A pair of lawsuits from Disney World guests allege they were injured while riding on PeopleMover at Magic Kingdom.

The first suit, filed in Orange County in February by Heather and John Tregidgo of New Jersey, deals with the couple’s visit along with their two children in June 2015. According to the suit, the Tregidgo family’s ride “suddenly came to an abrupt stop” while on the portion of the PeopleMover track that goes through Space Mountain, and their ride vehicle was struck from behind by another cart.

The complaint does not detail Heather Tregidgo’s alleged injuries. Their attorney, Robert Hemphill of Winter Park, told The Orlando Sentinel that she needed two orthopedic surgeries that cost more than $175,000. The suit is only asking for $15,000 in damages.

The second suit, filed on March 1, lists the plaintiff as Kristie Deieso of New York. According to her complaint, she was permanently injured on the PeopleMover during a February 2017 trip “when the ride malfunctioned causing the passenger cars to crash into one another.” Her suit is also seeking $15,000 in damages.

Disney did not comment on the ongoing litigation.

The PeopleMover is one of the more gentle rides at Disney World, offering a leisurely-paced, 10-minute tour around Magic Kingdom’s Tomorrowland. It allows riders of all ages without a height requirement.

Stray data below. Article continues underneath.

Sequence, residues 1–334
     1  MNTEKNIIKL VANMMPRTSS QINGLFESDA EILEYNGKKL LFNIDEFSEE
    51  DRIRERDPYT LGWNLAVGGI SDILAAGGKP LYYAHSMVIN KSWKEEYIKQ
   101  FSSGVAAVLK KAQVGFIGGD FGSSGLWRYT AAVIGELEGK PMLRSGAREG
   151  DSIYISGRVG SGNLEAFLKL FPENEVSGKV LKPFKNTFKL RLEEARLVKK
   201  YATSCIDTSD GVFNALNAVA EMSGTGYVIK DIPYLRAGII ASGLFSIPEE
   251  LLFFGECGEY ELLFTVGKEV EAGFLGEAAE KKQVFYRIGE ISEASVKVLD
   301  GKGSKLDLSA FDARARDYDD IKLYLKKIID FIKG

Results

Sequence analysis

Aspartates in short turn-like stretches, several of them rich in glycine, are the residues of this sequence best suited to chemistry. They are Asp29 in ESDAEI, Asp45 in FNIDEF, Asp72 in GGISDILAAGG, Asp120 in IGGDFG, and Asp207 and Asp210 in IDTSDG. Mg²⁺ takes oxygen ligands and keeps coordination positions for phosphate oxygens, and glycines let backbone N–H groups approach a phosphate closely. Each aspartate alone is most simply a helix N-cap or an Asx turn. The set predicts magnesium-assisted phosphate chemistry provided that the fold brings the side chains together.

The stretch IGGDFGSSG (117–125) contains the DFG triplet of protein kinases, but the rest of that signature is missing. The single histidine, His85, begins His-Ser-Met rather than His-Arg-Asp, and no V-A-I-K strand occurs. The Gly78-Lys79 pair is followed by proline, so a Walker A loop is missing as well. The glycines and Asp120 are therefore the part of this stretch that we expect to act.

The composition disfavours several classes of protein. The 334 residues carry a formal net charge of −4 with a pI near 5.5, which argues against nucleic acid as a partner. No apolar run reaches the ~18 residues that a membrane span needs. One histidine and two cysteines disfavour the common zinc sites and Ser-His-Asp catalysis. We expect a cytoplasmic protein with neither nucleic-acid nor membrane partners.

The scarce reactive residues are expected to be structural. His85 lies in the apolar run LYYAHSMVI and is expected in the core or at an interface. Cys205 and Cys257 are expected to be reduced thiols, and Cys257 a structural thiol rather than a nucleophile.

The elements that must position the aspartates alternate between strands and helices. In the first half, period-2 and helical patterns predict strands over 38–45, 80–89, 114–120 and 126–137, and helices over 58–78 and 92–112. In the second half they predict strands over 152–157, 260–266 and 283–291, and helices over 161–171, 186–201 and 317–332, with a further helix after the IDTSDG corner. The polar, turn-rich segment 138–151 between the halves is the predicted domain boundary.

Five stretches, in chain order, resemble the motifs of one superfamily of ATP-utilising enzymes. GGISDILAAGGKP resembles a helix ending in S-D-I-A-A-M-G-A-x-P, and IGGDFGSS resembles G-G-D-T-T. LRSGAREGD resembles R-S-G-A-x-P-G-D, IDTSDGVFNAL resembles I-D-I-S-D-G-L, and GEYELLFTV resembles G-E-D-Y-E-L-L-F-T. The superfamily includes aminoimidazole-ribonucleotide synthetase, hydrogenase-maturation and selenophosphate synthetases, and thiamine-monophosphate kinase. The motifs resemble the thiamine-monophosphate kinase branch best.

The ride has been listed on the quarterly reports of theme park injuries in the past. Disney and other major park operators in Central Florida are required to disclose any guest injury or illness that results in at least a 24-hour hospital stay to the Florida Department of Agriculture and Consumer Services (FDACS) to avoid state inspections.

The PeopleMover was listed on the injury report four times between March 2013 and September 2015, involving guests with pre-existing conditions, dizziness, and an August 2015 incident where a 68-year-old male fell while exiting the ride and fractured his shoulder.  

No incidents included in the FDACS quarterly reports match the time frame and descriptions of the alleged injuries detailed in the two lawsuits.

Central Florida’s theme parks are no strangers to being sued by guests. Universal Orlando was recently sued by a Brazilian family alleging an 11-year-old got his left foot stuck between the ride vehicle and exit platform on the E.T. Adventure in January, crushing his foot and toes.

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